8 Black Indie Beauty Brand Owners on How They're Finding Hope in a Time of Crisis

Nuele Hair
Nuele Hair
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It's tough being a Black business owner on any day, but it's even more harrowing at a time like this, when the world is not only fighting a pandemic that has crashed multiple economies but also as the United States struggles to move forward in the aftermath of yet another Black man's death at the hands of police brutality. When the news of George Floyd's killing — as well as those of Breonna Taylor, Ahmaud Arbery, and Tony McDade — rattled the nation, COVID-19 was already affecting Black communities at a disproportionate rate, medically and economically, so to say that Black people are frustrated and exhausted with the current state of events is an understatement.

For those of us who are still fortunate enough to have jobs at a time like this, it's difficult to maintain professionalism at work while the livelihood of our community is being threatened on two fronts. Still, Black business owners are as hopeful as ever in their attempts to lead their companies through an extraordinary amount of darkness.

Read ahead to see how the founders of some of our favorite Black-owned beauty brands are coping and forging a path ahead for their companies in the midst of the current news cycle.

Alicia Scott of Range Beauty

"Right now, we've reached beyond a boiling point. As a Black woman, this has been my reality since the day I was born without even knowing it. Isn't that something? Coming into this world with a target on my back solely based on my skin color. As an adult, fearing for myself and family members at the hands of racists and police brutality. Sweating and heart racing, when a police car is behind or alongside me, even with me knowing I did nothing wrong.

Thinking about my business, even with the traction and revenue I made from bootstrapping my company, certain investors told me I just was not for them. So, I let them be and I turned my focus on grants and funding made for Black people by Black people. The fact that I created products to celebrate Black people in a space where we are often ignored keeps me going every day. That's what I do when I need strength through this horrific reality, I think about the Black community and who this fight is for, the justice we're fighting for, the rights we are owed.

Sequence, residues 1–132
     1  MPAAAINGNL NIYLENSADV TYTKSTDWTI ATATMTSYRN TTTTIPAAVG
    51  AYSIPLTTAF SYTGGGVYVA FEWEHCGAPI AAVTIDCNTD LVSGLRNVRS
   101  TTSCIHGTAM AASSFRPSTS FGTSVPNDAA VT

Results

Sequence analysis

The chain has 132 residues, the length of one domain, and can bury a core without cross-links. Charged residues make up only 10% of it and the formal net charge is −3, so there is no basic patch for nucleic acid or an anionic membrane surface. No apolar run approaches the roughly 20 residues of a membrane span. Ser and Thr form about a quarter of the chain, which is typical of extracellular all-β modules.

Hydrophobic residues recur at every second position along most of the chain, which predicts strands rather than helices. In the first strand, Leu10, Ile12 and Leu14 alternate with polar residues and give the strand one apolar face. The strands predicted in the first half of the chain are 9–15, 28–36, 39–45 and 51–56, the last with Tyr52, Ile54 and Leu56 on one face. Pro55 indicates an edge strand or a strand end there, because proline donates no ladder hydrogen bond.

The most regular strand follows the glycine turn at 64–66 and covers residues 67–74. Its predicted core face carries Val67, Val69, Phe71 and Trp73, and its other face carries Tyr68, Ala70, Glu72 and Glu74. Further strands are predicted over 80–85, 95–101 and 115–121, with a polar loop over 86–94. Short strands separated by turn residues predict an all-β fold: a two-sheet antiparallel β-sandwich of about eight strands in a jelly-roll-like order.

I turn to my brothers and sisters, and we uplift each other as we always have, now and forever. I will say, something about the movement feels different this time. There has been a major shift, and I am much more hopeful about the future we intend to create."

Akilah Releford of Mary Louise Cosmetics

"As a Black and female founder in the beauty space, it's important for me to speak up now more than ever. The beauty industry has been notorious for lacking diversity, whether it be through product assortment or marketing campaigns. With that being said, I feel honored on a daily basis to create skin-care products for those who feel like they are not represented in this market. I think about my grandmothers, Mary (maternal) and Louise (paternal), and how I can continue to channel their voices and spirits through the work I do.

When I first started my company almost three years ago, I had zero connections in the beauty space and knew of very few Black female entrepreneurs in the skin-care space. What gives me hope moving forward as a business owner is the fact that, three years later, I now know of so many amazing and impactful Black-owned and minority-owned skin-care companies that are championing for diversity and inclusion in the beauty industry. My peers and my customers give me hope.

In the last few days, Mary Louise has been completely overwhelmed with love from so many people, and we sincerely appreciate the support. We will continue to do our part as a woman- and Black-owned brand to provide inspiration (and amazing skin-care products) for all!"

Gwen Jimmere of Naturalicious

"I've been asked how I'm handling everything so well in light of the current racial climate, and truth is, I'm not. I am the mother of a 9-year-old boy — who you may lovingly know as our Chief Candy Curator — who asked me if George Floyd could have been him. And, through tears, I had to tell him that yes, that's a very real possibility. He also asked me if his friend (who is white) would ever have to have the 'police talk' with his mom, and I had to, yet again, remind him how unfair it is that no, he will never have to have that talk.